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Teachers' Challenges for 21st Century Learning
by Leslie Wilson


I’m frequently asked if virtual learning and technologies will eliminate the need for teachers. Quite the contrary, I say. We need teachers! We need teachers who can successfully navigate from the traditional to a transformed venue. We need teachers who can rigorously set the stage for students’ self-directed, personalized learning - exploiting the power of technology.
Technologies, virtual and online learning, etc., are marvelous 21st century tools for engaged learning. BUT the wisdom, guidance, resource structures and personalization can come only from a human being.
Any technology tool I use is fundamental. Without strategizing and energizing with the device – it is simply ‘stuff’ in a room. Yes – technology can be not only boring but a waste of time in a classroom without being meaningfully integrated with relevant curriculum and experiences. The teacher is needed to make this happen.
I’ve witnessed many one to one environments where the portable, personal devices are used to replace binders, papers and pencils – in still teacher-centric settings. Technology tools need to harness the inherent power and opportunities for learning with a focus on the student. The teacher is essential to bring to life the myriad of elements that make up the enhanced classroom.
 But – the teacher practice is different from the traditional model. Recreating and retooling the teaching practice is a must to well serve students in today’s 21st century learning ecosystem. The real question isn’t ‘will we need teachers’, but ‘what will teachers need to be able to do’ in the new environment.
Teachers’ retooling is not the only necessity. Today’s students need to adjust to a learning setting for which they are responsible. Many have complacently accepted the traditional venue where the teacher does all the work and the student ‘sits and gits’.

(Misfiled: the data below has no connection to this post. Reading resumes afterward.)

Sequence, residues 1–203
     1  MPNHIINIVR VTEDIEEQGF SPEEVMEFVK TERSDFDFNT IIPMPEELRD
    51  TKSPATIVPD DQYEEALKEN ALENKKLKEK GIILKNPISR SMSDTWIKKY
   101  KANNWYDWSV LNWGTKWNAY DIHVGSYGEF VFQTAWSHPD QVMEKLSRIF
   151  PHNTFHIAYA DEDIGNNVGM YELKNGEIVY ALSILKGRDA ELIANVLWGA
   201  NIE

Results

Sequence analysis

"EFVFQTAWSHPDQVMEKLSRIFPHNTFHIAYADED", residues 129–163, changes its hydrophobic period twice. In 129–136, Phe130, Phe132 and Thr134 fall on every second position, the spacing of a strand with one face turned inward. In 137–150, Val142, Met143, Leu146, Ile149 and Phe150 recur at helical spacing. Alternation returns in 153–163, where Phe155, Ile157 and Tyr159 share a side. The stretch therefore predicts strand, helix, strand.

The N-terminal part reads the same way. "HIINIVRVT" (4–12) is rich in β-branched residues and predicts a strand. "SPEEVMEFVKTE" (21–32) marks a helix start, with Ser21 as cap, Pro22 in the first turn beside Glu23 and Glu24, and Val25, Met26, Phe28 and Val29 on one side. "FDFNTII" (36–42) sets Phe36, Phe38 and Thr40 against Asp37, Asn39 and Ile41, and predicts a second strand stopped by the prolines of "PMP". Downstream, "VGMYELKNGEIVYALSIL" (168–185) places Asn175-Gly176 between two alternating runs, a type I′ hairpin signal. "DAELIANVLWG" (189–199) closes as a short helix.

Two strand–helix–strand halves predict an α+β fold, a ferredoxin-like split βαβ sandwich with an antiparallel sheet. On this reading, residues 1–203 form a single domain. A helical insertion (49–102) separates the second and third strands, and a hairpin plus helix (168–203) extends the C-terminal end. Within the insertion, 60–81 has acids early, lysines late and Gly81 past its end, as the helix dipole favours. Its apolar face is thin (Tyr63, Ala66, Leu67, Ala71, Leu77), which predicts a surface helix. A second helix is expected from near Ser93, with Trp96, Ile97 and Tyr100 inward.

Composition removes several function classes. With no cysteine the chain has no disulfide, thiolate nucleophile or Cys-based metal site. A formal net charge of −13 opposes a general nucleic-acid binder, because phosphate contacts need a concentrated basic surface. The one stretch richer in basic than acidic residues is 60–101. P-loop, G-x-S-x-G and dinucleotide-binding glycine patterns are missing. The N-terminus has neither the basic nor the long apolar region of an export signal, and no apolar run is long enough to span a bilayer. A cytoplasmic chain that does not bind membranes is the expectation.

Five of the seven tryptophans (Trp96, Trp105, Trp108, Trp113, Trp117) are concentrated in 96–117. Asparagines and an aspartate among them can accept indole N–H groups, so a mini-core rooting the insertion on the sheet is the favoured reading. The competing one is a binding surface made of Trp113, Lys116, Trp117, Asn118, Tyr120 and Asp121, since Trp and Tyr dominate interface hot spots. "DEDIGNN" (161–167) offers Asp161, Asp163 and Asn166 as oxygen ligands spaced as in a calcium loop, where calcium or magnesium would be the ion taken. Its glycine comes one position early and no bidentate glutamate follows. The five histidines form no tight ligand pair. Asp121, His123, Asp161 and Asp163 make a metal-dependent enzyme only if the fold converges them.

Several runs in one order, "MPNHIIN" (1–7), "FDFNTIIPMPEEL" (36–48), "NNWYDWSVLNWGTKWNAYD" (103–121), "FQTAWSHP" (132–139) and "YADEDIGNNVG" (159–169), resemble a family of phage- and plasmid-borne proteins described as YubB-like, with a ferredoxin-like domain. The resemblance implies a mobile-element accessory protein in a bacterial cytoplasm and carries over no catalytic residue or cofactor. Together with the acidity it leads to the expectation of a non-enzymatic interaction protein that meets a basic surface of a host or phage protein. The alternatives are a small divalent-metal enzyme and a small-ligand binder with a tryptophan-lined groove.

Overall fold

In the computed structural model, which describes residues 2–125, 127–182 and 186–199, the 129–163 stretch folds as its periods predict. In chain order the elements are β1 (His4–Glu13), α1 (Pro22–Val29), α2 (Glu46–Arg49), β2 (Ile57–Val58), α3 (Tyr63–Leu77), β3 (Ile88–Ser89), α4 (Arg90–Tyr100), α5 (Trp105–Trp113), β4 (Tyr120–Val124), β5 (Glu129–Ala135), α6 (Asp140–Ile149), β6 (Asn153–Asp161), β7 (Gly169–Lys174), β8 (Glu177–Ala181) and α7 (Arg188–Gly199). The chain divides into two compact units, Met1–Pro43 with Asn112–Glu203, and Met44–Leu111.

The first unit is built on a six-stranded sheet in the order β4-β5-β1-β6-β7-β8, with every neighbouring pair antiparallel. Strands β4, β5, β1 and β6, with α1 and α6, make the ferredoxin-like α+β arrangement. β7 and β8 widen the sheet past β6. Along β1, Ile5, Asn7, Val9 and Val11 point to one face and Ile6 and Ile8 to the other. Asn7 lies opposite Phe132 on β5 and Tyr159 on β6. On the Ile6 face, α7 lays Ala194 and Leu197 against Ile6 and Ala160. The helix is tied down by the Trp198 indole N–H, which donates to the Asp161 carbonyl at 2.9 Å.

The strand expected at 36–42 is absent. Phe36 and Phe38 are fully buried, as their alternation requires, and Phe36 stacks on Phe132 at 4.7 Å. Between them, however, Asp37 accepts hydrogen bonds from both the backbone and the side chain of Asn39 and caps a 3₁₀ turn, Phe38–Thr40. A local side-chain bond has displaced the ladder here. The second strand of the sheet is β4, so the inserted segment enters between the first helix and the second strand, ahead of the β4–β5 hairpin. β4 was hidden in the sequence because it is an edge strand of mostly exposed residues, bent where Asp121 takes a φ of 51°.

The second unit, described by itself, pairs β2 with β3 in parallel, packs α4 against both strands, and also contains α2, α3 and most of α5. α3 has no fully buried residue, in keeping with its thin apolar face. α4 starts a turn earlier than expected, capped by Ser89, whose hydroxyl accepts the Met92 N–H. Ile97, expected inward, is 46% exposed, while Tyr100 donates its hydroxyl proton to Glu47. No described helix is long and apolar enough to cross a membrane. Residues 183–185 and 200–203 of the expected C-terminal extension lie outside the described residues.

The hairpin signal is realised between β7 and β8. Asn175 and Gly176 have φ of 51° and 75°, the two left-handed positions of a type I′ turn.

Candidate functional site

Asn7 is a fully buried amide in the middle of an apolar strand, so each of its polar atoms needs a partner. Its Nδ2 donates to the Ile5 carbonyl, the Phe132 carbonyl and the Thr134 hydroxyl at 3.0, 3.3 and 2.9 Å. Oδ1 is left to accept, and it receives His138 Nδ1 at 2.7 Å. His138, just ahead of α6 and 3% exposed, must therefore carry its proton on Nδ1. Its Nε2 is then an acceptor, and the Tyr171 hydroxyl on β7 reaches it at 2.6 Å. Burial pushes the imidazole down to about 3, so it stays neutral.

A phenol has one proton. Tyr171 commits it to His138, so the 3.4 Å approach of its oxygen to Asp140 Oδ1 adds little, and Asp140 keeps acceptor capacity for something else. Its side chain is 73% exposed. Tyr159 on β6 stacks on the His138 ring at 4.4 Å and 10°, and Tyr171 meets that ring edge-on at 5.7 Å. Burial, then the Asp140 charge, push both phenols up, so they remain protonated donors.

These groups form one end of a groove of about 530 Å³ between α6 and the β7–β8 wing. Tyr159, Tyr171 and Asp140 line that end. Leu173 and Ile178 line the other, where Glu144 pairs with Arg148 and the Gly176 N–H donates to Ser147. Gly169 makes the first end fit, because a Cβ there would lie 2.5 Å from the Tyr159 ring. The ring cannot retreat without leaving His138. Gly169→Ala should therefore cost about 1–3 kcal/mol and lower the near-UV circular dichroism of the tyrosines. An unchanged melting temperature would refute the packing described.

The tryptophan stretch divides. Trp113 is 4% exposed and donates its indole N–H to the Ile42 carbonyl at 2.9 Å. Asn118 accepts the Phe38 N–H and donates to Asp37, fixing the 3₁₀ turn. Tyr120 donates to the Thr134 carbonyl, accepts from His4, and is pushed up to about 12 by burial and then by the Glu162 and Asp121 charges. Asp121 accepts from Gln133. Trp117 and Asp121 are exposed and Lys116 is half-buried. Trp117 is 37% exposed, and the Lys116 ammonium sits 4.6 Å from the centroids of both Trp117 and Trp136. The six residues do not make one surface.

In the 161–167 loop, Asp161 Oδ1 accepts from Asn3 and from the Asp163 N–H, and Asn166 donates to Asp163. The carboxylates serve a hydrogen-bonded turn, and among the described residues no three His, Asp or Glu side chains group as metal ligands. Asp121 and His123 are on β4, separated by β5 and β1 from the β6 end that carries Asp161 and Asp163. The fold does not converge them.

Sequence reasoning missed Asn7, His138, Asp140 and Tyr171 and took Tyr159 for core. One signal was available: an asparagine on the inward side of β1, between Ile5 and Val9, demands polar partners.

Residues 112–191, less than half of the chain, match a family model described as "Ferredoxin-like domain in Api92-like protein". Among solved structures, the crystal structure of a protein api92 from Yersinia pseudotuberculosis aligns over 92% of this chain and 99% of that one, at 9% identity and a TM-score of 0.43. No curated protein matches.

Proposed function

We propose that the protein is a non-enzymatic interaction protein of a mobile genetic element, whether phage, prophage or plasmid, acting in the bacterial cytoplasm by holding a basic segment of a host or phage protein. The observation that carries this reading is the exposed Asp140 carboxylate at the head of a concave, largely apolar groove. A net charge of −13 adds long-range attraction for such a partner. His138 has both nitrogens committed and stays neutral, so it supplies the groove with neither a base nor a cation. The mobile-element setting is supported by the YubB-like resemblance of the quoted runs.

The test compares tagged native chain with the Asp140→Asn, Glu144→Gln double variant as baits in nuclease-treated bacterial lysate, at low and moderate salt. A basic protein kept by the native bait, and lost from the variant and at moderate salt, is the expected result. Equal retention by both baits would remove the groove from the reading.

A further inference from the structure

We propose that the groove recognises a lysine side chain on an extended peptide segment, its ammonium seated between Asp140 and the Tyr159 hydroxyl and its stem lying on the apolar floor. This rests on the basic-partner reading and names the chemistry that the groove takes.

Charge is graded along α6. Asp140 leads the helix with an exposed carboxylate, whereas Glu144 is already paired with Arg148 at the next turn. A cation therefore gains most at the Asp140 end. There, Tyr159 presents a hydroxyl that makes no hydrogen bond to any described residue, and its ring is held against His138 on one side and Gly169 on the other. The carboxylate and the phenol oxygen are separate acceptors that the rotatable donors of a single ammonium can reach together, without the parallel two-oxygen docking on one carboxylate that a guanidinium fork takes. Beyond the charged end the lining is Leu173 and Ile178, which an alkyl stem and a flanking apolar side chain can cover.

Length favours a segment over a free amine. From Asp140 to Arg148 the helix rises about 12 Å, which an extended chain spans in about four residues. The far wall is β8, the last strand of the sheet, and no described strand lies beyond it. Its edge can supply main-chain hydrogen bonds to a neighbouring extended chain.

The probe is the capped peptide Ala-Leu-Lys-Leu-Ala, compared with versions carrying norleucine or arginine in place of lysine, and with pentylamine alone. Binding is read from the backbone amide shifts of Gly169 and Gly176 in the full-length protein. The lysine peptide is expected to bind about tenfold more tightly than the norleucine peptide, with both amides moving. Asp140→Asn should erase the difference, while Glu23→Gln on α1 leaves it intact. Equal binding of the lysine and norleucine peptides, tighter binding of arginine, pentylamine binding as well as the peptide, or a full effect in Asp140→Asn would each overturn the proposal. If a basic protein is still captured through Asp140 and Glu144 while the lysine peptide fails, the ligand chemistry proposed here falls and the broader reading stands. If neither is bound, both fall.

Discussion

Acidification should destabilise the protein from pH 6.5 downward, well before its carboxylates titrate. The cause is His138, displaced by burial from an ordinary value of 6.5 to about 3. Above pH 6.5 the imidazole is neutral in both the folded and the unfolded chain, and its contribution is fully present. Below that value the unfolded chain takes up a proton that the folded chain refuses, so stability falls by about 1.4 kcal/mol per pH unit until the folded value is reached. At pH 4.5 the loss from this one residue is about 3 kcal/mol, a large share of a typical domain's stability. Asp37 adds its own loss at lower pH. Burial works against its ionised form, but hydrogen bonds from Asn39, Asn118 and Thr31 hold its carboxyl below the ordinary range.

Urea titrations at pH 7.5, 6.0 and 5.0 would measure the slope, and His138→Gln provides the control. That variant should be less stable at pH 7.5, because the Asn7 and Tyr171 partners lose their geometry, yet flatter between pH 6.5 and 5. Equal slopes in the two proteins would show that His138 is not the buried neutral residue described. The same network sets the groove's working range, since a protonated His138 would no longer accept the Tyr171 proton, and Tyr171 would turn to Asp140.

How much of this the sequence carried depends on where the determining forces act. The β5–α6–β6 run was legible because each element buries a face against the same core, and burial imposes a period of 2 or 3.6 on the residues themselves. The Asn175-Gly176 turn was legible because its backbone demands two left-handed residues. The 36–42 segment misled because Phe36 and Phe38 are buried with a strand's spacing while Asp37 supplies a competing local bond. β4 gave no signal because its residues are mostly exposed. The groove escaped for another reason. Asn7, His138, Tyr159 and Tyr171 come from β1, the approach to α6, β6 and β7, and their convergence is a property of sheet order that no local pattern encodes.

The teachers’ challenge is threefold.  One – to change his/her own foundational beliefs and practices; two – to coach students to become self-directed learners where they do two thirds of the heavy learning lifting toward achievement; three – integrate technologies in meaningful, relevant ways. Each of these is a challenge that requires high quality employee-directed and employer-directed professional development.
I am a proponent of job-embedded professional growth experiences for employees (employer-directed). I also believe that professionals (teachers) have a responsibility to grow, know research and best practice and apply these to their work in addition to what can be provided on the job (employee-directed). Teachers who pursue both venues will more quickly acclimate and deliver for this century’s youth. These are the teachers who will thrive in an education technology enhanced education system. Others may become extinct.
Leslie Wilson is President of One-to-One Institute (OTO), a national not-for-profit serving schools, districts, states and countries in their implementation of 21st century teaching and learning. She is co-authoring the national research initiative, Project Red (  Ms. Wilson’s consultancy, Wilson Public Sector Consulting, LLC, serves the education industry. She holds a BS Ed and completed Ed Leadership doctoral work from the University of Michigan, Sp Ed Administration endorsement from Eastern Michigan University and M. Ed in Instructional Technology from Wayne State University.